Speaking the Same Language in Rural Schools
By working with one rural North Carolina school district, researchers developed a new professional development model that helps create teacher leaders, according to a new study.
"A Common Language for Learning" by Marjorie Ringler and Debra O'Neal of East Carolina University in Greenville, N.C., began in Tyrrell County Public Schools in Columbia, N.C. The article was published in the April 2012 issue of the Journal of Staff Development, a product of Learning Forward (formerly the National Staff Development Council).
Some students in the small, rural district were doing twice as much work than their peers because they spoke non-standard English dialects.
Researchers were doing a year-long series of workshops to help improve students' academic language proficiency. Initially, their target student group was English-language learners, but classroom teachers said native English speakers could benefit, too.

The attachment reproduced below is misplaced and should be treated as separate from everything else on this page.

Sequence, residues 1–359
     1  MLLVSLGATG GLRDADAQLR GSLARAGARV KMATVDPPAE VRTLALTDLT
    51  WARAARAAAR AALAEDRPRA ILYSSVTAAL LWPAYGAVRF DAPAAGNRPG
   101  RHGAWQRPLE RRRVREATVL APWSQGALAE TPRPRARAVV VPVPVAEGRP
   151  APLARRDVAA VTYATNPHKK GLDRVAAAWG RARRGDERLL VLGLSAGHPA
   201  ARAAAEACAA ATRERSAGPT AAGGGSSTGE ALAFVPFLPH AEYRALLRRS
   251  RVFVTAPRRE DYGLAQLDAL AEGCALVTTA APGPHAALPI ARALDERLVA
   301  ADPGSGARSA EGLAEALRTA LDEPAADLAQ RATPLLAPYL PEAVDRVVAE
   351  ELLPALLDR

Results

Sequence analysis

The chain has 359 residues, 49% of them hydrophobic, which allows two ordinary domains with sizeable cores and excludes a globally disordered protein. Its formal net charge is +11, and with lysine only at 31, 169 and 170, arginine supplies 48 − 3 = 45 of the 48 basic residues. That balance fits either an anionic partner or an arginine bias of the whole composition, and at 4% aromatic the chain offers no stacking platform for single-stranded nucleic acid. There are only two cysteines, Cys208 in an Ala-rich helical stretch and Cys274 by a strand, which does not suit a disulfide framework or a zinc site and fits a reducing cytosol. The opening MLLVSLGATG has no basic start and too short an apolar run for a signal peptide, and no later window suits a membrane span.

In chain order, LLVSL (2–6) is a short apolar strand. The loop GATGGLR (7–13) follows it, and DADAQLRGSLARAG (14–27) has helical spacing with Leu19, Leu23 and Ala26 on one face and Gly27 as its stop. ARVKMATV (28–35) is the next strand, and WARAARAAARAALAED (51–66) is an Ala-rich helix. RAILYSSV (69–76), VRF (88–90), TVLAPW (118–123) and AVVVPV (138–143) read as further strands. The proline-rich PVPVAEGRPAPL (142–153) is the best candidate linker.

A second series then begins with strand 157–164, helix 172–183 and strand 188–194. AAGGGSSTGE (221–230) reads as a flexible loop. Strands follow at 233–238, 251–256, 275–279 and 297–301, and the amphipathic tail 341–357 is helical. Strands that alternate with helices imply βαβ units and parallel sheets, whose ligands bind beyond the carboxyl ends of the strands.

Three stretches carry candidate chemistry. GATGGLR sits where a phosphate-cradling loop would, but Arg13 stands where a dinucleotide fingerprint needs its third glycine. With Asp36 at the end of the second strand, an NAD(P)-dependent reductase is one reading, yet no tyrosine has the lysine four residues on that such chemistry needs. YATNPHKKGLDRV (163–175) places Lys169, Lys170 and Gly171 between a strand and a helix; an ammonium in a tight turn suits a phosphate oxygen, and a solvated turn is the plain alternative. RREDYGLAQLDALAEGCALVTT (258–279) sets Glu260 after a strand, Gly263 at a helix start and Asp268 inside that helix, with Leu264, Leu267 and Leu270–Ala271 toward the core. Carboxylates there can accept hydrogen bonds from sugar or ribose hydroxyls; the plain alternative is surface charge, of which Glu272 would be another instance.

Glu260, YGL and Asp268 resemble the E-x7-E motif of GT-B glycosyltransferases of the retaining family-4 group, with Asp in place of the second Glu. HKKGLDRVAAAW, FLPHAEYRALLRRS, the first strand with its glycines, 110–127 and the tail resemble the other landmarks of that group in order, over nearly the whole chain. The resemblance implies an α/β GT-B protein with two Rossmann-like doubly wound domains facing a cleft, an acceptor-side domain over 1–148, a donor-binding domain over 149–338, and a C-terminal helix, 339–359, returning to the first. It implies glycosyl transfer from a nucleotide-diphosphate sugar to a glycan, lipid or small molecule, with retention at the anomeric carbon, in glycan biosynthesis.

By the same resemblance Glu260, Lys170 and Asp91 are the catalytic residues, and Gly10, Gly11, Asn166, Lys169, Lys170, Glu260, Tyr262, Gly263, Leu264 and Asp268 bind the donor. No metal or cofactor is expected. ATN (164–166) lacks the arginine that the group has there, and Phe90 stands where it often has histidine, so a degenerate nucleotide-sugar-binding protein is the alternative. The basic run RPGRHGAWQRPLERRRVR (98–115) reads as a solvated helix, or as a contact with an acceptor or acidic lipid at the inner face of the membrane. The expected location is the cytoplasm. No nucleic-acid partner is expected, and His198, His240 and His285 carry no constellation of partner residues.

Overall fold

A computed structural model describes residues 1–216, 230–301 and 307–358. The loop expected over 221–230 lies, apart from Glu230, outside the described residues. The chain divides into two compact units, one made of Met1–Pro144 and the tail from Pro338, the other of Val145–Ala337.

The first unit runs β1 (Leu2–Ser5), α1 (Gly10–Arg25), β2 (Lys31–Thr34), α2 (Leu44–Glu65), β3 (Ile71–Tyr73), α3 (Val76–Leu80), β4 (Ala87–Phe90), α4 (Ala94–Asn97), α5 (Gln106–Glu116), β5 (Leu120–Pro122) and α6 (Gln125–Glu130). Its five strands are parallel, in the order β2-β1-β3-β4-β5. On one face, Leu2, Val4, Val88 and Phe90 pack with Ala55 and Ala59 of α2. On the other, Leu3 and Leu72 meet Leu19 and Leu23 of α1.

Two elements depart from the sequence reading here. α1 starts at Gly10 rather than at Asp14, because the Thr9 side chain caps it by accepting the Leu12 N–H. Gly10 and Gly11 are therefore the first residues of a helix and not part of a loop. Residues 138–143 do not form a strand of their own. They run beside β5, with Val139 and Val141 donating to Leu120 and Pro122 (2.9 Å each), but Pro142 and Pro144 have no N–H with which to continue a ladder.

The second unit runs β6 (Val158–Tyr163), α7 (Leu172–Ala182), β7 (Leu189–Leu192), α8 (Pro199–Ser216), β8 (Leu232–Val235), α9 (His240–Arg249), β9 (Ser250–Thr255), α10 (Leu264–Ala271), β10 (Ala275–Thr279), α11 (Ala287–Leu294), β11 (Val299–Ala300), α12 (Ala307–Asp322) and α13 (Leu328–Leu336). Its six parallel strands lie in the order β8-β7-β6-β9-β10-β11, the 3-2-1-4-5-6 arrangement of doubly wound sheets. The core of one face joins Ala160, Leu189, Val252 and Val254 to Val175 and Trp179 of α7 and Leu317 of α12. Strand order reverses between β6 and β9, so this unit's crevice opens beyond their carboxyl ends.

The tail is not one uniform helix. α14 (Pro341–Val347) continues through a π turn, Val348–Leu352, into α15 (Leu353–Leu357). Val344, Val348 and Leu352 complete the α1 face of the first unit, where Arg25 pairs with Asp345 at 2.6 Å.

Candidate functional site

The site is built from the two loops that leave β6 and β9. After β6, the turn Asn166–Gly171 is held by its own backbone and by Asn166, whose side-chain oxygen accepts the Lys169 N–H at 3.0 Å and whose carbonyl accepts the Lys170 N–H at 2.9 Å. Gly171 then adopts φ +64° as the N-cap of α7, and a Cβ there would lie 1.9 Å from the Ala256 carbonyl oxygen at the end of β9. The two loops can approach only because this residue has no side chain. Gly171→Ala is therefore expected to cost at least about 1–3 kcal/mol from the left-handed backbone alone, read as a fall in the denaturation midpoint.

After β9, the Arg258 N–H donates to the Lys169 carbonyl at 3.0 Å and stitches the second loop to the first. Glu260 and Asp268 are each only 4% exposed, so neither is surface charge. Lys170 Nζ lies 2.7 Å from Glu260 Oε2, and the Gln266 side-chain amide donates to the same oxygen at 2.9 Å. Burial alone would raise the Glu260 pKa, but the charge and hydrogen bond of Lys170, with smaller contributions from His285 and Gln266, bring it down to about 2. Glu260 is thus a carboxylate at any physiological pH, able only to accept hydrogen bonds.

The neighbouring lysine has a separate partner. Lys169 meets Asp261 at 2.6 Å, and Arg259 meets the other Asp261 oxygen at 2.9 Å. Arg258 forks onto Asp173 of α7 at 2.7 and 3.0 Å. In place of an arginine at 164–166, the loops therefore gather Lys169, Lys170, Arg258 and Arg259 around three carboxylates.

Researchers decided to work on academic language proficiency for all learners, and they've since brought those workshops to seven counties.
In doing so, they found successful districts had three common characteristics: involved principals, involved district-level administrators, and a follow-up plan for training.
They used those to develop a professional development program that has these core beliefs:
• high-quality professional development begins with the principal;
• the principal must be part of the process, not just a facilitator;
• peer coaching is essential;
• teacher leadership is key to the program's success; and
• participants need to see the value in the content and be willing to take risks.
The article goes more in-depth to explain the three phases of implementing their model of professional development (teacher buy-in, coaching teachers, and building capacity) and how those worked in Tyrrell County schools.